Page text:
Modern Warfare 2: The Wrong Side of the Gun?
I had planned to acquire Call of Duty: Modern Warfare 2 for Christmas, while giving the game to my father-in-law and brother-in-law as Christmas presents so we could all play together. This game was a no-brainer, and has been for about a year. This week, though, I had second thoughts.
Earlier this week, a video was leaked onto the internet which purported to be a segment of the single-player campaign mode of the upcoming video game, Call of Duty: Modern Warfare 2. In the video, the player was thrust in the middle of a terrorist attack at LAX airport – except that rather than playing as one of the victims or one of the authorities trying to stop the attack, the player is thrust into the action looking through the eyes of one of the terrorists himself. Our first act as a terrorist? Step up to a group of innocent bystanders, and open fire.
The scene (which is optional, and can be skipped after fair warning) is dramatically disturbing, even having watched it through the blurriness of the leaked video. As I watched the terrorists open fire, I felt sick. It only gets more disturbing as the player runs through the airport taking out civilian after civilian, some of which seem to be attempting to help others or drag bodies out of the way. Let’s be clear: developer Infinity Ward didn’t flinch from depicting the reality of a terrorist attack.
There are a number of ways they could have made this situation more acceptable. They could have simply forced us to watch the attack, rather than interact with it and help it happen. They could have written in a terrorist attack that was easier on our psyche: a huge explosion that only implies hundreds of civilian deaths. Or, of course, they could have written the whole calamity out of the script altogether.
All of these things would have alleviated the immediate problem as it now stands: people see what now resides in the game and gasp in horror. If the video were of a cut-scene in which we watch the terrorists do their thing, popular reaction would have been little more than apathy. On the other hand, if they had allowed the terrorist attack to take on a more digestible, anonymous and explosive form the primary response would have been something along the lines of “awesome!” I don’t know about you, but when I’m considering the possibility of a terrorist attack on American soil and the deaths of innocent citizens, I want my response (and that of others) to be something other than “awesome!” or apathy.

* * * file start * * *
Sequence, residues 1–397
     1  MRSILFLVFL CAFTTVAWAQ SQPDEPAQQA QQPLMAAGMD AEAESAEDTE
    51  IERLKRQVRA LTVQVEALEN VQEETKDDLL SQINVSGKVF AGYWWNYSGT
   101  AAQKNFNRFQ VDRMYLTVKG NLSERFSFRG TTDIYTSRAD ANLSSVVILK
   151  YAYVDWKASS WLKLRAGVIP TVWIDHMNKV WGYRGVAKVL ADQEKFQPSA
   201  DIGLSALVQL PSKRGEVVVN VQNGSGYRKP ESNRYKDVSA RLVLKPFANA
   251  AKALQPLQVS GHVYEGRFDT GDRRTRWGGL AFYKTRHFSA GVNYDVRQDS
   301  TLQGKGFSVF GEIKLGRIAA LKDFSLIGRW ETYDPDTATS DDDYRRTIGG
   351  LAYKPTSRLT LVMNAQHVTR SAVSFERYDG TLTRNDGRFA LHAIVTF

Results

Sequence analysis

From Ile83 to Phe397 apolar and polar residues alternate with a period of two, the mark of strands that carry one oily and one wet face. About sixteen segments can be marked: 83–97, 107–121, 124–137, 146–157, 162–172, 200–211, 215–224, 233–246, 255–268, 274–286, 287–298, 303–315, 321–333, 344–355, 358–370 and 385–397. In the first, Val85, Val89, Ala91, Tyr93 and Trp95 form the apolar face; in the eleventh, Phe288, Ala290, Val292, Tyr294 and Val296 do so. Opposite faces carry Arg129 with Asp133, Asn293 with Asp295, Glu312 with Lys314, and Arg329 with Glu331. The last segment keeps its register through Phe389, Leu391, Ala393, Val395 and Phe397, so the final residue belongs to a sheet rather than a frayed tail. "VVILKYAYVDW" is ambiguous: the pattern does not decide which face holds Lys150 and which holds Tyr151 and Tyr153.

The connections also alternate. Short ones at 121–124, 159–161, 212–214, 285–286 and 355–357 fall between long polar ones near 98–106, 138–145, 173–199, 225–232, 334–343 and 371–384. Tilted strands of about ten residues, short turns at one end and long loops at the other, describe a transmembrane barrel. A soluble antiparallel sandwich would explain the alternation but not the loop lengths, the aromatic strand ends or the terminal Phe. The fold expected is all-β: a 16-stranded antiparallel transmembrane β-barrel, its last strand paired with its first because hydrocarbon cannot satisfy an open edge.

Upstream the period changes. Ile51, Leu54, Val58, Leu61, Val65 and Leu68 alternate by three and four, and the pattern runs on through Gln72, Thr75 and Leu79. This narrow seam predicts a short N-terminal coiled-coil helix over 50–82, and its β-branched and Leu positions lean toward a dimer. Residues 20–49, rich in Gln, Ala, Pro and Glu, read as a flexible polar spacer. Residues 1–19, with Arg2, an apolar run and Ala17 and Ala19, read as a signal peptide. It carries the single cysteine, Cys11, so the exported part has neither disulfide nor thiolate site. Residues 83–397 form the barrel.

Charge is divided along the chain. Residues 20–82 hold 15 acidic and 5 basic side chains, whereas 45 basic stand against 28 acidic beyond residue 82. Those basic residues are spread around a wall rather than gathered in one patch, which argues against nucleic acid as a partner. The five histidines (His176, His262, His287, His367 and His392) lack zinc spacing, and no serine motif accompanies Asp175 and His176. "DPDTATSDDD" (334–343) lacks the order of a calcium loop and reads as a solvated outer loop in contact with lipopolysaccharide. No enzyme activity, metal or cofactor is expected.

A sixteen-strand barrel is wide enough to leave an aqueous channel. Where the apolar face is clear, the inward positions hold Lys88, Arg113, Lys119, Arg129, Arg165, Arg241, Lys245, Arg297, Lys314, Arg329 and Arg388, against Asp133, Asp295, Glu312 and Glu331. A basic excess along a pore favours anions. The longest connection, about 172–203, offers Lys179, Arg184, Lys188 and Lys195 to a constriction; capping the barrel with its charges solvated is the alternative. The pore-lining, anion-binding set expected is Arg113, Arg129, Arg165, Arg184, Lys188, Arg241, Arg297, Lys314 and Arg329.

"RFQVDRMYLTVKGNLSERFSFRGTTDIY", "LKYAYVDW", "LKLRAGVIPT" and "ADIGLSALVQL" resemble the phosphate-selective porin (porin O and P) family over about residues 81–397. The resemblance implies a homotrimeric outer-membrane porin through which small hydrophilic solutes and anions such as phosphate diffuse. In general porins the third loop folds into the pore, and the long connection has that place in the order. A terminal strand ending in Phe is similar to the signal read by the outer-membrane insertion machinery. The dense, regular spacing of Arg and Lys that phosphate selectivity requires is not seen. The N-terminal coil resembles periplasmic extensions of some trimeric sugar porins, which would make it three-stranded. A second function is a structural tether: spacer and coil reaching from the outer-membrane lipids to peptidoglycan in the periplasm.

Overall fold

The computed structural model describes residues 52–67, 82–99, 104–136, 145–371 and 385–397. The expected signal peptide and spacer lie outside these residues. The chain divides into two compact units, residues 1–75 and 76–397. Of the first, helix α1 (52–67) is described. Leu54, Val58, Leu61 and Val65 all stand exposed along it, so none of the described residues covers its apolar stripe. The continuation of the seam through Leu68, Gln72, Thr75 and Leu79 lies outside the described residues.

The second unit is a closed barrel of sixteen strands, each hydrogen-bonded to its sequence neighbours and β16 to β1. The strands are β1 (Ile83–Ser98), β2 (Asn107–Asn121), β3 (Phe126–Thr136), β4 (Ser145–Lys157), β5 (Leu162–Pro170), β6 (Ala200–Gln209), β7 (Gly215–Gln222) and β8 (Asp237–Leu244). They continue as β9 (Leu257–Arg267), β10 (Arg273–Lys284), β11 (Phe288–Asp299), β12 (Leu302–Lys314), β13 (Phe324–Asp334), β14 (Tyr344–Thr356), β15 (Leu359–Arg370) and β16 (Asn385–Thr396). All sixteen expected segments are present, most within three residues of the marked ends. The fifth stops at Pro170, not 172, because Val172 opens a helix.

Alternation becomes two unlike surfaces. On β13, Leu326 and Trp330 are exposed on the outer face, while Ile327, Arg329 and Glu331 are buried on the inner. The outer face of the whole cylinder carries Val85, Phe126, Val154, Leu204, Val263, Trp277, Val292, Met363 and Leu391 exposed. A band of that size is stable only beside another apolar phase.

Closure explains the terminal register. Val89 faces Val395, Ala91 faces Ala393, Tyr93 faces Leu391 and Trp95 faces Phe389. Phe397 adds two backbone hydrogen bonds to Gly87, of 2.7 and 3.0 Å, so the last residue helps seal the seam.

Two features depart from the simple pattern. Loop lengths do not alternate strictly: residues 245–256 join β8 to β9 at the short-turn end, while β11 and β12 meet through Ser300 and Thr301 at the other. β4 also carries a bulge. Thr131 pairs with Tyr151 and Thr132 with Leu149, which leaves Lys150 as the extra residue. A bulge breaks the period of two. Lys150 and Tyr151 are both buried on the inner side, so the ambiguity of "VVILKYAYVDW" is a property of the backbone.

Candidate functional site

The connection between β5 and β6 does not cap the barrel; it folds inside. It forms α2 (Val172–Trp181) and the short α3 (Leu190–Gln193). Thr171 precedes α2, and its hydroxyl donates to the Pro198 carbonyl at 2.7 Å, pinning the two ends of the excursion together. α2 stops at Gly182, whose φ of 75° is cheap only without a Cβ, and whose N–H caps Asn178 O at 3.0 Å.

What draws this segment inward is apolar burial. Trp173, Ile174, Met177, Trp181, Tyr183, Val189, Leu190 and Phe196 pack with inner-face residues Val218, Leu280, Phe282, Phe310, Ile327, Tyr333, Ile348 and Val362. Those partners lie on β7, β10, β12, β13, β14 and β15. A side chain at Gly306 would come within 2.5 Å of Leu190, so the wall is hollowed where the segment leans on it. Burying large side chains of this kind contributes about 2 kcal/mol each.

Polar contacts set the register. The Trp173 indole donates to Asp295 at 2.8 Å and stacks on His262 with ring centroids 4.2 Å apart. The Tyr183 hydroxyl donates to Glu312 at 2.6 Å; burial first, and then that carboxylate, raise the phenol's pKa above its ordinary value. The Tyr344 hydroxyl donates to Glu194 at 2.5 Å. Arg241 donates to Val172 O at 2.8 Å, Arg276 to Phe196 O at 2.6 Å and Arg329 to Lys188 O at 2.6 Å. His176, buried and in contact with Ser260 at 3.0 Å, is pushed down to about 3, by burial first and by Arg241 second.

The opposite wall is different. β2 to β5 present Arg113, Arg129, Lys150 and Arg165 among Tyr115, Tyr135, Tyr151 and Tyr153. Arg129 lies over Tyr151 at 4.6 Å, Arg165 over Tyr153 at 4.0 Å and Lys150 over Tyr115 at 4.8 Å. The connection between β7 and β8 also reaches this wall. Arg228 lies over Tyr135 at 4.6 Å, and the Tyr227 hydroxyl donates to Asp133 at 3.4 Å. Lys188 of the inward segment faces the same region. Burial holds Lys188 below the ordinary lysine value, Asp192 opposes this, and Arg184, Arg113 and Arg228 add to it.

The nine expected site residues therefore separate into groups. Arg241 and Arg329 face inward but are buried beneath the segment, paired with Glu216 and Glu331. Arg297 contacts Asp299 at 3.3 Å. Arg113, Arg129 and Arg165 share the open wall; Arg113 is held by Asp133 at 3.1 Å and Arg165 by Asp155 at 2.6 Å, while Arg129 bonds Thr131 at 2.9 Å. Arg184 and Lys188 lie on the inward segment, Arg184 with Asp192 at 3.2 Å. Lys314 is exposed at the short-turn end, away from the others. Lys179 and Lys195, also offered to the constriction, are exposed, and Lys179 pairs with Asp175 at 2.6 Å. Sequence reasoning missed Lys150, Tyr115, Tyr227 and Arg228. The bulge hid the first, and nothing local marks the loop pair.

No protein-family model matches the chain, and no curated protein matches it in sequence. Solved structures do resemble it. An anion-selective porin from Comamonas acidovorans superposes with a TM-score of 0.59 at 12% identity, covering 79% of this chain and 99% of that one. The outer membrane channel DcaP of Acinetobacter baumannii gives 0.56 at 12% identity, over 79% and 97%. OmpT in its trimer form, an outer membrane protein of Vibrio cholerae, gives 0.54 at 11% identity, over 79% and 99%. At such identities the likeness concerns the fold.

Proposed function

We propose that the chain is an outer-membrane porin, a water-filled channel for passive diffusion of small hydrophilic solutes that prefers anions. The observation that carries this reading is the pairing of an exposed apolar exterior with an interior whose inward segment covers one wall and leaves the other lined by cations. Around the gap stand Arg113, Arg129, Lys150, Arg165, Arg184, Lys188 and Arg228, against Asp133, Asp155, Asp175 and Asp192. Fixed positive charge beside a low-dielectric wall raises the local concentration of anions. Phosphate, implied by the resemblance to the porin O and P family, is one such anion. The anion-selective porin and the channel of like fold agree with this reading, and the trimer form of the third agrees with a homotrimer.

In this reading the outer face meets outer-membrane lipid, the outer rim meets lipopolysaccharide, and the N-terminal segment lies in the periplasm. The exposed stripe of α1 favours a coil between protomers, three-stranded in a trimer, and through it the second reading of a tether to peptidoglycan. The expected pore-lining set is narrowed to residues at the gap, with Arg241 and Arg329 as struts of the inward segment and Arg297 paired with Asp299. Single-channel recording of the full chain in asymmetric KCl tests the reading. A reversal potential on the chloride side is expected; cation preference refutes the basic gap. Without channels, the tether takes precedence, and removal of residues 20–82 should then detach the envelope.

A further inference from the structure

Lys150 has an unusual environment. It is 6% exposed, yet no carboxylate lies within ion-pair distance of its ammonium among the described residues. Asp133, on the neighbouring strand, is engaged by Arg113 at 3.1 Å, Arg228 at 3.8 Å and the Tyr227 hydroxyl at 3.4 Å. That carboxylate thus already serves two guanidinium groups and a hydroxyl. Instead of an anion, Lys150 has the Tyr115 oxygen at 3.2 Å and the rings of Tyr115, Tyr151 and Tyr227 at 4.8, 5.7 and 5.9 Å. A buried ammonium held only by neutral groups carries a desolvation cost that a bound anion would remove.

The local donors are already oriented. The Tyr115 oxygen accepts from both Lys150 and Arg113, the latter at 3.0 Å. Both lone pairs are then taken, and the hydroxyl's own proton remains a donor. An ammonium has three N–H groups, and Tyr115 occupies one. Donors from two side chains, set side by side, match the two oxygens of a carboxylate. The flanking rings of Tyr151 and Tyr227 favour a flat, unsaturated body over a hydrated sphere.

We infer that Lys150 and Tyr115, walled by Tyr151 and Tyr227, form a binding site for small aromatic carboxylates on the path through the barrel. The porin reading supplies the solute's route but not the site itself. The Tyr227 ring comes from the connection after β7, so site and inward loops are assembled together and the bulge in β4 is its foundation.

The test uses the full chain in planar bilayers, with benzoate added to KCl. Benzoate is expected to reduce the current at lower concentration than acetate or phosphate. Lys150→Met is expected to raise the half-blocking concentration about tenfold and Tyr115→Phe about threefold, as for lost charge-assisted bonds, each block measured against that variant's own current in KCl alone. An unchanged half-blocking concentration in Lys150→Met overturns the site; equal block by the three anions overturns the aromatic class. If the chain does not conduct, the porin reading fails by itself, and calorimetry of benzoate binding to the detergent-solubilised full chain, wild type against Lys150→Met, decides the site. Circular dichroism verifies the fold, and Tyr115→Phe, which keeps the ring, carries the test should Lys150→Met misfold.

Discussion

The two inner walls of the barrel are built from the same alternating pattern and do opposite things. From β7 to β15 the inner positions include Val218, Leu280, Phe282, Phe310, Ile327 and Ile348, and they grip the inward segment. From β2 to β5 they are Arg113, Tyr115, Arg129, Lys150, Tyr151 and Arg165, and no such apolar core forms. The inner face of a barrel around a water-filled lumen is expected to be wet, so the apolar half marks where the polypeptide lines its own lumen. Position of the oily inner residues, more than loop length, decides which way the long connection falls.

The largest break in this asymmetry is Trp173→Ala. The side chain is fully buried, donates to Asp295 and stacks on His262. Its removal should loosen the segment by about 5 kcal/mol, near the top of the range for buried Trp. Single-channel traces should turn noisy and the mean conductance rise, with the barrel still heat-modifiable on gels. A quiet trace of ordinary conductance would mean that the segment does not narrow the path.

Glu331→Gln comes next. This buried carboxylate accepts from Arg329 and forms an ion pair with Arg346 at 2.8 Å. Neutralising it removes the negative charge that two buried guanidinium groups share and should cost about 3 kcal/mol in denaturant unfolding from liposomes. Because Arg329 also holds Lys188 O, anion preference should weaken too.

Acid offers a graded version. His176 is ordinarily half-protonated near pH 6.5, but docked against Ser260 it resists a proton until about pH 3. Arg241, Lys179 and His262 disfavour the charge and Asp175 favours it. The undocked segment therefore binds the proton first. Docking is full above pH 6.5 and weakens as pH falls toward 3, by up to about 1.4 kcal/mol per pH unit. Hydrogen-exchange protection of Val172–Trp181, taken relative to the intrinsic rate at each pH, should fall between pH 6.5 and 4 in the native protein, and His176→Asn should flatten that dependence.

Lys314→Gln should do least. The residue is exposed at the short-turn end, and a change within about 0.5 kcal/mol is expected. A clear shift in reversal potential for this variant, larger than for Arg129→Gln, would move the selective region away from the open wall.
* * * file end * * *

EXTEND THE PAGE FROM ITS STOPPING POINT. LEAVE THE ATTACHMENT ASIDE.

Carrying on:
A proper reaction to a work of art or entertainment is often the result of truthfulness in that particular artifact. As I’ve pointed out before, truthfulness matters, even (and especially) when it comes to popular culture. It’s hard to make a case for Modern Warfare 2 without seeing the terrorist scene in the context of the larger game, but it’s also misguided to condemn the scene outright, making claims that such subject matter ought not to be addressed in a video game, or that playing the game would encourage the player to run out and carry out similar acts. Video games have become a legitimate medium for artistic expression, however stunted by various economic and pragmatic boundaries it may be. As such, it’s time to stop treating them as kid’s playthings. In fact, this game in particular had already acquired a rating that makes it clear: this game is for adults.
Furthermore, the game’s precursor was a surprisingly sober experience at times. While there were a number of “awesome!” moments, they were always, well, awesome moments. But the game was also chock full of tragedy and sobering stakes. In a stroke of genius, the developer even addressed the common problem of what “infinite lives” does to our understanding of a situation. Knowing that the ability to come back to life over and over again would make a situation (in this case, war) seem trivial, they followed up every death with a black screen containing only a thoughtful quote about the nature of war: it’s dangers, costs, and importance. Modern Warfare is no War and Peace, but it is underrated in its artfulness.
Nonetheless, there are practical realities to think about, and we would be remiss if we wrote them off for the sake of artistic purity. There are those who are simply too close in time and/or proximity to the realities portrayed here to keep their composure long enough to play through them. There are also those who are simply too young or immature to see this reality for what it is: horrific and reprehensible. Those players should stay away or be kept away from this game, either by themselves, those who love them or by the ESRB’s “Mature” rating and the video game store’s refusal to sell it to them.
I still get a sinking feeling in my stomach, not just when watching the video, but when thinking of those theoretical emotionally stunted teenagers, playing that one scene over and over because it’s “just so fun.” Nonetheless, it’s crucial to remember that they’re corrupting the game, not the other way around. Those emotionally stunted individuals will find anything to pour their dysfunctions into, but it doesn’t put any of those things at fault.